"LIFE IN A DAY" sounds like one of those movies that is all fancy concept without anything to keep eyes on the screen beyond the initial gimmick. But in fact, it's the opposite. The concept takes a back seat to the beautiful pastiche that makes up the film.
To celebrate YouTube's fifth birthday, director Kevin Macdonald ("The Last King of Scotland") solicited clips from users asking them to document a day - July 24, 2010 - in their lives. He received 80,000 submissions making up 4,500 hours of footage from 140 countries. The videos range from expert to amateur, but MacDonald and editor Joe Walker edited the footage into 90 minutes of "story."
"Life in a Day" has no fabricated narrative but the film is organized thematically - people wake up, they brush their teeth, eat breakfast, and so on. In one clip, a woman says to the camera, "What makes me excited about today is this." She holds up a positive pregnancy test. "And a little terrified," she adds.
In the next clip, a baby giraffe is born and licked clean by its mother.
These easy characterizations create a pseudo-storyline that can seem sentimental at times. Some clips are preceded by a questioner holding up a piece of cardboard with queries such as "What are you most afraid of?" followed by the ensuing answers, which feel a little forced. But they also provide a sustained framework for the disparate videos.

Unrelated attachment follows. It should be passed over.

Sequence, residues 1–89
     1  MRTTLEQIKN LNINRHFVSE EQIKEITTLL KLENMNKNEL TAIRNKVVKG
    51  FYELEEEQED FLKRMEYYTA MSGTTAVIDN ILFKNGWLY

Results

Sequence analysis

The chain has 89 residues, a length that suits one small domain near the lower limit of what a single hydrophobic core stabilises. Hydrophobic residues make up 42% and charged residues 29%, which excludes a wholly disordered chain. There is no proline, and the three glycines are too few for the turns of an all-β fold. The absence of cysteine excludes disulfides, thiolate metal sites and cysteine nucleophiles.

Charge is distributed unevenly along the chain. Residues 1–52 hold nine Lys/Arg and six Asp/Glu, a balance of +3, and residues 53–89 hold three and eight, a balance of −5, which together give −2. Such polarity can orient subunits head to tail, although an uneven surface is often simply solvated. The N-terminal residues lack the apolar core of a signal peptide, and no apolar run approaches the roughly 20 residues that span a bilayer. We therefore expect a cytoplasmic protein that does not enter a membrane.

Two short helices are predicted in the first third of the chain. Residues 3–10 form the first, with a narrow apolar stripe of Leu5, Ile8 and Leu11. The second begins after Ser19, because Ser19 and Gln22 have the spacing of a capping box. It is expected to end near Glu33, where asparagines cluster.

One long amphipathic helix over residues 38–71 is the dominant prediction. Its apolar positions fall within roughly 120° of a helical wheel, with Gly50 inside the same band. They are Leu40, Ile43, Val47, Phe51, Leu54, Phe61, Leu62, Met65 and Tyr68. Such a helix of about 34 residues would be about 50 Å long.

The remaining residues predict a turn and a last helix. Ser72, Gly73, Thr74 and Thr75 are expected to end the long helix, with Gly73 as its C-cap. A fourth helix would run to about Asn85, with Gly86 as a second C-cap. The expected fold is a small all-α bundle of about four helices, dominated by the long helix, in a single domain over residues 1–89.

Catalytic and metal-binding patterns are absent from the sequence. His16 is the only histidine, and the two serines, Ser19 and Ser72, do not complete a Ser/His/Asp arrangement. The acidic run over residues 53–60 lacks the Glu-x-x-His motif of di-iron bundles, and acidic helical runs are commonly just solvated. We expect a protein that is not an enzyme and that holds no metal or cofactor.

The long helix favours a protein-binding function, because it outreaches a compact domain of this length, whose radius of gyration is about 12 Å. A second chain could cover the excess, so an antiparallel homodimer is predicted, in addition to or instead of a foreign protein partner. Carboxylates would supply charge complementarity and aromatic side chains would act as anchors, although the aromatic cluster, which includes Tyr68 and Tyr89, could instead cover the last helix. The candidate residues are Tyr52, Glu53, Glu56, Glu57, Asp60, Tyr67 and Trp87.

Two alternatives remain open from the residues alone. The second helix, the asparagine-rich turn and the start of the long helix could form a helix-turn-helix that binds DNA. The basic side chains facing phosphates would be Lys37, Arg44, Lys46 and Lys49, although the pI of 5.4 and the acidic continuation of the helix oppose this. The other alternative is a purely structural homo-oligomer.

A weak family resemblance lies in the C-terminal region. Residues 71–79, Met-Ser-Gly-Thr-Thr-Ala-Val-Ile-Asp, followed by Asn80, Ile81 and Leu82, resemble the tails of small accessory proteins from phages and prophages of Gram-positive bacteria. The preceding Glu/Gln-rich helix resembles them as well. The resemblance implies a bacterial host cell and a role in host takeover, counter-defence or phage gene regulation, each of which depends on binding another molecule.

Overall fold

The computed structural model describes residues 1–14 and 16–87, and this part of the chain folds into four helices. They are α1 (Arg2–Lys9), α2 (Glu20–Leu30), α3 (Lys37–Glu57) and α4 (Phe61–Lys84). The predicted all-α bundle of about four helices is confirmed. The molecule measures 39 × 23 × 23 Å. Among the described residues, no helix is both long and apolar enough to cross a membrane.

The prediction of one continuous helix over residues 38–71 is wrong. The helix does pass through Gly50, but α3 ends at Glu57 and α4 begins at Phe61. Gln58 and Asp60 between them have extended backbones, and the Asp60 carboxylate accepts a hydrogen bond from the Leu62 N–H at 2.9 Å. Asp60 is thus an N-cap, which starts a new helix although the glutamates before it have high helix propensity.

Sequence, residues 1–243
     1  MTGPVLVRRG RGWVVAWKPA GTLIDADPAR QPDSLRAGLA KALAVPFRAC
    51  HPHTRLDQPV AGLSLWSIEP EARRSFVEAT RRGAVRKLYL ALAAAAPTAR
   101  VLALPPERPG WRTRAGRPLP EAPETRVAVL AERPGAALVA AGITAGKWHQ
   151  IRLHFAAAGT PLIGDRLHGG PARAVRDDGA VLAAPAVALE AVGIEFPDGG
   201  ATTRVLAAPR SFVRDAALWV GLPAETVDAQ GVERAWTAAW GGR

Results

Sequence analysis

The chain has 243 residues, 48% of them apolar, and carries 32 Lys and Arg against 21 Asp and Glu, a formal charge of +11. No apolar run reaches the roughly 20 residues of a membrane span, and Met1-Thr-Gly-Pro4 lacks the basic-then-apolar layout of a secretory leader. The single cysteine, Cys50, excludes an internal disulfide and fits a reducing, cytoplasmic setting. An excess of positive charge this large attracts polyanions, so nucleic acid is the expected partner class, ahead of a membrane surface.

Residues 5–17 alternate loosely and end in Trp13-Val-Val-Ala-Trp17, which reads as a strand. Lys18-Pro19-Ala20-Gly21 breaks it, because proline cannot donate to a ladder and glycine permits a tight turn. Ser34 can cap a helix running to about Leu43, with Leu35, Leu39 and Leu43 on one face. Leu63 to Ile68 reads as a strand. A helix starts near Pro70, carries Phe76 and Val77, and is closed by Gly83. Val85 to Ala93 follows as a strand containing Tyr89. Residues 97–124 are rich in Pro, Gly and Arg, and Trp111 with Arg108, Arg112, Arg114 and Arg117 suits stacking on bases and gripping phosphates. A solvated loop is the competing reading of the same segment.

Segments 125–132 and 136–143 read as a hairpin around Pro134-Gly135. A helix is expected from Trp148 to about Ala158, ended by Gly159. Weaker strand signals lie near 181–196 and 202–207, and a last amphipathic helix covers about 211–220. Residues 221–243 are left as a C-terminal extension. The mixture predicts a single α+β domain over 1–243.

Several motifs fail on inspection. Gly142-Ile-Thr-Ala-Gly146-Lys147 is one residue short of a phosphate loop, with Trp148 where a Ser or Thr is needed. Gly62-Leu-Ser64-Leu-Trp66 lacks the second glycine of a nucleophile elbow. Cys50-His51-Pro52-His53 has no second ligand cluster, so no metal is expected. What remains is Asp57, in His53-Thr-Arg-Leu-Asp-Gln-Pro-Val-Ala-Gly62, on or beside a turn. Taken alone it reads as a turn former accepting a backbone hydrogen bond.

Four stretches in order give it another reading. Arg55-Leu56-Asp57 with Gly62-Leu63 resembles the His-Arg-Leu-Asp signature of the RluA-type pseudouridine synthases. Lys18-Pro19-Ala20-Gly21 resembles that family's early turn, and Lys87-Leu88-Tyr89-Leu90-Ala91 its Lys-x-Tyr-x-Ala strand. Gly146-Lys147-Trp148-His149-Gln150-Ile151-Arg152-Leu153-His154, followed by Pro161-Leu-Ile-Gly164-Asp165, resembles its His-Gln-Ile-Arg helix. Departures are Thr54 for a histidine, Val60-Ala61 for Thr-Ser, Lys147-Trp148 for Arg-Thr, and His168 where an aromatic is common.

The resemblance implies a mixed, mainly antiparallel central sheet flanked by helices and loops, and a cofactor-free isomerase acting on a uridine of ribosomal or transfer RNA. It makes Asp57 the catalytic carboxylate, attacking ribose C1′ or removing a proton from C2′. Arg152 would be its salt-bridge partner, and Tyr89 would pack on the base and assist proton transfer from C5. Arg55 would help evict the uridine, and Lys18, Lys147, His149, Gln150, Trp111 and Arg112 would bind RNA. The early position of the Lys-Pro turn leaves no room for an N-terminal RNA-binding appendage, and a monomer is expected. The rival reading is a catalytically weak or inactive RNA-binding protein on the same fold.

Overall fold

Not every moment of "Life in a Day" is easy to watch. In one scene, a cow is slaughtered. In another, a weary woman attached to a colostomy bag implores her crying son that he needs to be good today.
Other moments are touching, like when a gay man calls his grandmother to tell her that his "friend" is actually his boyfriend. Or when a photojournalist from Kabul uses his time to relay to the world that, despite reports to the contrary, Afghanistan is actually a nice place to live.
But what makes "Life in a Day" so compelling is how completely ordinary it is. There are no YouTube antics, no one is putting on a show. It's simply a collection of how people decided to spend one July day. Sure, there are dull sections where nothing of note seems to be happening, but isn't that what life is?
Produced by Liza Marshall, directed by Kevin MacDonald, music by Harry Gregson-Williams and Matthew Herbert, distributed by YouTube, Ridley Scott and Tony Scott, with National Geographic Entertainment.